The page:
The way that the vertical community concept is different from “delusions” when talking about “spirits” is that delusions and spirits are subject to scientific facts and figures of our conscious rational mind.  We do not see any other alternative other then what research has proven as such—so that is the method that we use to treat various disorders.  However if we were to apply the concept of the vertical community to alleviate various psychological disturbances we would offer an alternative never offered before in medicine, and bridge a whole new concept of combining scientific facts with the positive bias.  This new combination would be cutting edge and may one day be practiced in various situations to benefit the patient with the psychological disturbance.

What needs to change in psychology before the idea of the vertical community can be presented as a method of therapy is acceptance of the positive bias.  It is my understanding (and I could be wrong) that various methods of therapy are “fact/science based.”  Rather then investigating a disorder or brain abnormality based on scientific facts and figures published--encourage psychiatrists to investigate whether the patient undergoing therapy has any belief in the afterlife what to what extent do they practice that belief in their daily life.  Having a basic understanding of the patient’s belief system a psychiatrist may then be able to introduce to the patient the concept of the positive bias which may eventually lead to his or her process of character reformation which may alleviate or even nullify the problem that the patient went in to see the psychiatrist for in the first place.  This is just one of many other possible ideas on how the vertical community could then be introduced to a patient as a method of therapy. 

 

According to Section 2.14 Vol. 2 Q & A on Theistic Psychology modern psychological principles that are applied during a therapy session are against the concept of dualism—because the mind is an operation of the brain.  So therefore sensations are due to the electrochemical firings of nerve cells along with various cognitive and emotional feelings.  However the firings of these impulses have not been proven and are also hypothetical, nevertheless there is no valid information about the mind in modern times. In summary of what regeneration is—it is the process of spiritual development that is carried out by God through temptations that are natural, spiritual, and celestial, over a lifetime of obstacles.  Temptations are imperative to bring something in our own self that was hidden from us the entire time.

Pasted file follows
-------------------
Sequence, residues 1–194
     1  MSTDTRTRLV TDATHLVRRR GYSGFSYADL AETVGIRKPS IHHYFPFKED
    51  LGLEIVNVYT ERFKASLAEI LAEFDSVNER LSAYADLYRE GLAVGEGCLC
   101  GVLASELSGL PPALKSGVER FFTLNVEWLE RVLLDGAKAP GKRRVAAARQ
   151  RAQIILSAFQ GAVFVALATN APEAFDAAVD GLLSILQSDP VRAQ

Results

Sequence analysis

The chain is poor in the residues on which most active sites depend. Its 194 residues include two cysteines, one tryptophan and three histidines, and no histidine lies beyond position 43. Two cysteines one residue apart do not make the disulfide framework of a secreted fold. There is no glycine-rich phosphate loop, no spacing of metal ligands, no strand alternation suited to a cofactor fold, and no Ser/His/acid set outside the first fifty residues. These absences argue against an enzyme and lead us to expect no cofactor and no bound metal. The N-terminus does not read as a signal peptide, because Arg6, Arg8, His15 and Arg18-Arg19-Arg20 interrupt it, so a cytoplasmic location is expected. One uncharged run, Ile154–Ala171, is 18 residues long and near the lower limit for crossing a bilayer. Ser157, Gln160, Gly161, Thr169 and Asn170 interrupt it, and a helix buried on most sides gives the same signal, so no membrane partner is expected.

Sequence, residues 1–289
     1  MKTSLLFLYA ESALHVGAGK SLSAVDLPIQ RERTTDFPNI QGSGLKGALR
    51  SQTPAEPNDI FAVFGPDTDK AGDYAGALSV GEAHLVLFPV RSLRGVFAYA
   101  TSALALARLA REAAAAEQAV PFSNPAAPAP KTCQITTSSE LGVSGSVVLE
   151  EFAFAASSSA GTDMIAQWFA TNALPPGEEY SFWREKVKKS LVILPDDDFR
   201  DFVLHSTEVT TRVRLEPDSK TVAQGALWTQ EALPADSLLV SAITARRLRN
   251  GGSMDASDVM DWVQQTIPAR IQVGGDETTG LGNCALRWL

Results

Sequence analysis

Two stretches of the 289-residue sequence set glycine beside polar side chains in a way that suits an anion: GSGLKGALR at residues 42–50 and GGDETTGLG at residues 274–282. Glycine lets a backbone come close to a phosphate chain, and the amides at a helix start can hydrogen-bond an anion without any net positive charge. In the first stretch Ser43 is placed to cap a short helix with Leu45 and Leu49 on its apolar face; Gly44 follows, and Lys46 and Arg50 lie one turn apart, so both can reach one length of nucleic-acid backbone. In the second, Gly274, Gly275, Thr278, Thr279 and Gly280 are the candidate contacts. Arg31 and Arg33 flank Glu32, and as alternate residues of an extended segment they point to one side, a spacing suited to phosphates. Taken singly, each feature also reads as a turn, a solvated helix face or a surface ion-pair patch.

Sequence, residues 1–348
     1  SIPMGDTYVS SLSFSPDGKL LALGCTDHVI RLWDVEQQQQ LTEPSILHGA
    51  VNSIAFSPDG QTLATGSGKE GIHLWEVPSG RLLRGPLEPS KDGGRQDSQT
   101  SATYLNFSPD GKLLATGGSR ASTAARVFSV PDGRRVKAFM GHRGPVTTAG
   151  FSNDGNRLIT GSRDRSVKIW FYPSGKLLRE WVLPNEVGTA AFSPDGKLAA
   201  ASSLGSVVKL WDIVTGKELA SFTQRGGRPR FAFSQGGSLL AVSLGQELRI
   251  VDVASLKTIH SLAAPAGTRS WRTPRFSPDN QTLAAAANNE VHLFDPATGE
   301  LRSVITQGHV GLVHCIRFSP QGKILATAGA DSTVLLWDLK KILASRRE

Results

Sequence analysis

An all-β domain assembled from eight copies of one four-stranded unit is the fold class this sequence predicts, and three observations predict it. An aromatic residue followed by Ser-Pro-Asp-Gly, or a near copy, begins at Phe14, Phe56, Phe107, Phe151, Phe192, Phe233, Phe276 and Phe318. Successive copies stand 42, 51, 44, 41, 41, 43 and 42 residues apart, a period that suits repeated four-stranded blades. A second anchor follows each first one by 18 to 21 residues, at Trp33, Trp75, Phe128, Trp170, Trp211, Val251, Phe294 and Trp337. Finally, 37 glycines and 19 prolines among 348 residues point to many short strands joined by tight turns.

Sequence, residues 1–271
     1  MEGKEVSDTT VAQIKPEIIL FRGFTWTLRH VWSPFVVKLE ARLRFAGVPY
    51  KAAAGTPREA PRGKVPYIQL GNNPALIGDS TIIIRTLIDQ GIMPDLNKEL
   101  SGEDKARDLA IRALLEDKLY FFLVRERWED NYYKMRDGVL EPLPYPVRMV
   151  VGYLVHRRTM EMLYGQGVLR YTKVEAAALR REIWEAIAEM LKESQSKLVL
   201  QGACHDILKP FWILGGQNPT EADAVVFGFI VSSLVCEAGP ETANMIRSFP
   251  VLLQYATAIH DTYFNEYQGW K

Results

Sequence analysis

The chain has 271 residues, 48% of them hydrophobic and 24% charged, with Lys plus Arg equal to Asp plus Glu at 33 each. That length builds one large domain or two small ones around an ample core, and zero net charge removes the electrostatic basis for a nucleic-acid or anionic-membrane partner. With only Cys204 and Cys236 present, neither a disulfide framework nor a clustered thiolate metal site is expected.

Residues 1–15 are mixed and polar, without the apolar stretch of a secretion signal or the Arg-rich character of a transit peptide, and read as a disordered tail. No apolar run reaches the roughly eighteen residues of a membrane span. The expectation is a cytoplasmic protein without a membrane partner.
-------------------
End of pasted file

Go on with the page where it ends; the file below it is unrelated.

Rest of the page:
Question 3:

(a) Why is the topic of "regeneration" so basic in theistic psychology?

(b) What are the "character reformation" steps of building a "new will"?

(c) What is the difference between the "old will" and the new will?

(d) What are "heavenly" vs. "hellish" traits?

(e) How does this relate to personality theory in psychology as you know it.

 

a)  The question I am now answering is Question #3 which deals with the topic of regeneration.  The topic of “regeneration” is so basic in theistic psychology because many of us throughout our lives go through this process—whether after we have just lost someone close to us, or just realized that procrastination is an awful way to live our lives.  Regeneration is easily understood because its underlying concept is known and understood by virtually all cultures of the human race. 

 

b)      According to Volume 6 the character reformation steps of building a new will involve the concept of personality theory.  Version 53a of the Lecture notes on TP by Dr. Leon James refer to various concepts that deal with personality theory.  The affective organ controls our motivations, enjoyments, satisfactions, etc., etc.  Sacred Scripture understands these various traits as wills and in our daily activities.  Our “propirum” is what we feel is our own.  An example would be if we choose to not like someone and let our feelings go and tell that person we are doing so out of our own free will; otherwise our own propirum.  The important thing to note is that as our spirit travels to our second death so does our propirum.  What we will in our life is who and what we are even though our personality is external and something that our will likes to have and has the control to change our will if we choose to do so.  The propirum is what we are not what we think we are made of and it is important according to TP that this distinction be made. 

 

c)      The difference between the old will and the new will are that the old will is when we are not able to think for ourselves and we rely on the information of others to take us influence our cognitive and affective behavior.  The old will may have some understanding of God and his works but doesn’t take this information as set in stone and often succumbs to hellish traits due to this lack of internalization of knowledge and information in order to influence one’s behavior.  The new will is quite the opposite.  This is a time of great enlightenment because we are now more connected not only with God but also with ourselves.  When we are able to communicate daily with God and see him as the primary care-taker and our primary caregiver we form this new trust and bond to him.  Because God is Divine Love and Wisdom we also are motivated to act towards others in a way that he would want us to act in his eyes so that we are able to build our spiritual heavens in our spiritual mind and be united with him in eternity.